A mother wept as she told how her life was ruined when her baby girl died minutes after she was delivered.
Tracy Hook was due to give birth to her first child in the Causeway Hospital in Coleraine in June 2012. However, an inquest heard that she was not induced until after her due date, despite repeatedly raising concerns about going over term.
Belfast Coroners Court heard that baby Alexis, who was born 13 days overdue, died from a lack of oxygen and showed signs that she had been distressed during labour.
Paediatric pathologist Dr Claire Thornton told the court that Alexis was stained with meconium, which is released when the baby panics.
The waste product was also found in her airways, behind her ears, and in her eyelashes.
"When a baby is gasping, which is itself a sign of distress, the baby will breathe in amniotic fluid. That gets taken into the lungs," Dr Thornton explained.
Many of the baby's organs were also congested, while her placenta was small for her size and weight, although Dr Thornton described Alexis as "adequately grown".
"She looked like most post-mature babies – a little bit skinny," she added.
As the doctor revealed more about why Alexis, who lived for little more than 30 minutes, had died, the baby's mother began to cry in the court.
Comforted by her husband and mother, Mrs Hook was also reassured by Coroner John Leckey, but the 27-year-old temporarily left the court as Dr Thornton gave evidence. Mrs Hook remained visibly upset as her statement, recalling that she got pregnant quickly after her marriage, was read to the court.
The couple found out they were expecting a baby the day after they returned home from their honeymoon in 2011.
The Coleraine woman described her pregnancy as straightforward, and doctors treating Mrs Hook confirmed it was low risk.
That changed as she passed her due date.
Mrs Hook was eventually admitted to the Causeway Hospital on July 3, after being advised to return later.
Her husband, Allastair Hook, told the court: "We were told the unit was understaffed, but Tracy said to me she was not leaving the hospital without the baby."
The inquest was told that clinical guidelines highlight induction should take place between 41 and 42 weeks of pregnancy, with Mrs Hook taken in for treatment towards the end of that time.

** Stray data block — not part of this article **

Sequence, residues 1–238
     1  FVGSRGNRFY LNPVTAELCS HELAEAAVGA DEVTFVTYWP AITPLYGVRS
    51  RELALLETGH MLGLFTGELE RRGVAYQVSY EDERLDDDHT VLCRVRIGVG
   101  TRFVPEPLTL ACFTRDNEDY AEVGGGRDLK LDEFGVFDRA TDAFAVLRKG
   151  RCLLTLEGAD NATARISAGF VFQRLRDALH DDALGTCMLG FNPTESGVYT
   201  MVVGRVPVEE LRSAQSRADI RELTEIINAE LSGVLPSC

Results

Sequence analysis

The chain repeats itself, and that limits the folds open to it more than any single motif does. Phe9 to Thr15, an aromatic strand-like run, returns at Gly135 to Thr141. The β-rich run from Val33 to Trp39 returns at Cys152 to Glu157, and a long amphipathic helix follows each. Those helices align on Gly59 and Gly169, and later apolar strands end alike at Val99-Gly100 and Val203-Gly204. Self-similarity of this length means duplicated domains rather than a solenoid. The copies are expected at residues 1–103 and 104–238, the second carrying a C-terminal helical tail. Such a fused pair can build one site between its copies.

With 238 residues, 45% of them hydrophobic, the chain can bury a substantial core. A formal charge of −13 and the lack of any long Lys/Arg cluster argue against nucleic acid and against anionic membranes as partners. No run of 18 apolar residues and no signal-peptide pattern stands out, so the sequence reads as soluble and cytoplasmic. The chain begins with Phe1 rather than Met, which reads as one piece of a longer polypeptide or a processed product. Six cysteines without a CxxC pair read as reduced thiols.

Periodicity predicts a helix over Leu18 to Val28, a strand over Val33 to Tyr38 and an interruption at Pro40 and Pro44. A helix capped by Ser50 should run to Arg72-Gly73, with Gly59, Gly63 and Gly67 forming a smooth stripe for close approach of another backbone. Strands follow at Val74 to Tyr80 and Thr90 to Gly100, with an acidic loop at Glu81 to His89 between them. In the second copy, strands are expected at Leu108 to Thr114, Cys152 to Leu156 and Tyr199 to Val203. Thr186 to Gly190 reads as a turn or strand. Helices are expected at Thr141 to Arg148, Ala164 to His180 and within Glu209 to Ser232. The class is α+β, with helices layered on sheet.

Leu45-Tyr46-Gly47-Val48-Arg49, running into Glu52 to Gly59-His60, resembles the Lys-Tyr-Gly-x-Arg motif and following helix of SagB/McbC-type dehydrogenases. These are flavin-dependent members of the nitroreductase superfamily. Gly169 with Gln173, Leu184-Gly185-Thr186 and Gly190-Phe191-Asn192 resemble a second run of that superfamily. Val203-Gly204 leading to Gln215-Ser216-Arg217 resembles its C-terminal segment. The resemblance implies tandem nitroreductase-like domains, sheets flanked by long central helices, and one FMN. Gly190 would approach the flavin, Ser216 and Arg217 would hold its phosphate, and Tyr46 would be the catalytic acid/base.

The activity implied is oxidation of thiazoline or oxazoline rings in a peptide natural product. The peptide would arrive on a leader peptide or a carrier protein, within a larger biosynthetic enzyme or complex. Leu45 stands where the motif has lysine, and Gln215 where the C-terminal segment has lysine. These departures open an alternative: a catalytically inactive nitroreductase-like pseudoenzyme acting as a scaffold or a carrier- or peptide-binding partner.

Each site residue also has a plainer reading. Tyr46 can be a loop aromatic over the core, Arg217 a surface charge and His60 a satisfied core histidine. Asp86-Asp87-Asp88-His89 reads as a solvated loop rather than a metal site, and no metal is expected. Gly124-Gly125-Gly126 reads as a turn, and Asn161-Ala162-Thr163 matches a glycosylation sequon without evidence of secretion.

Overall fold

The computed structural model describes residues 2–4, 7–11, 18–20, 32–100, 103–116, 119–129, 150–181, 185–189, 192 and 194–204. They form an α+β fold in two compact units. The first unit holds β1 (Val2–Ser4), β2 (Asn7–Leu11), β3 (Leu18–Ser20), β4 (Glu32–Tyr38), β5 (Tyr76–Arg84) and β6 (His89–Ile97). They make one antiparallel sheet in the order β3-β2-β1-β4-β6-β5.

Coroner Mr Leckey suggested a key factor in the baby's death was a failure to pinpoint when labour began, as he questioned: "I'm sure her parents wonder if labour had been identified, would Alexis still be alive?"
When she was given the medication to begin labour, Mrs Hook suffered vomiting and diarrhoea, and was in extreme discomfort.
She said: "I kept telling them the pain relief was not very good."
The decision to deliver Alexis via Caesarean was taken shortly before 1.30am on July 4, 2012, despite a foetal heart monitor producing concerning results almost 50 minutes beforehand.
The doctor on duty called Dr Lorraine Johnston, a consultant in obstetrics and gynaecology at the Causeway, who assessed the situation.
At the inquest, she said the monitor, which shows the baby's heartbeat, was "bizarre" and "very abnormal".
Mr Leckey added it would "set alarm bells ringing".
Dr Johnston decided she needed to "get (Alexis) out as quickly as possible".
Mrs Hook was then taken to the operating theatre, but said she was in too much pain to hear any cries from her newborn baby.
She said: "We did not realise she was so sick. I kept telling Allastair she would be OK."
Mr Hook told his wife Alexis was "a bit shocked" as he realised there were further complications with his daughter's birth.
"The people in the theatre shouted for the paediatrician. She attempted to resuscitate Alexis – that was unsuccessful."
Mrs Hook told the court she did not recall being told of her daughter's death until around 45 minutes later.
"We were devastated," she said. "We didn't expect this. We buried her the Saturday after.
"This has completely ruined our lives and our plans."
The inquest continues.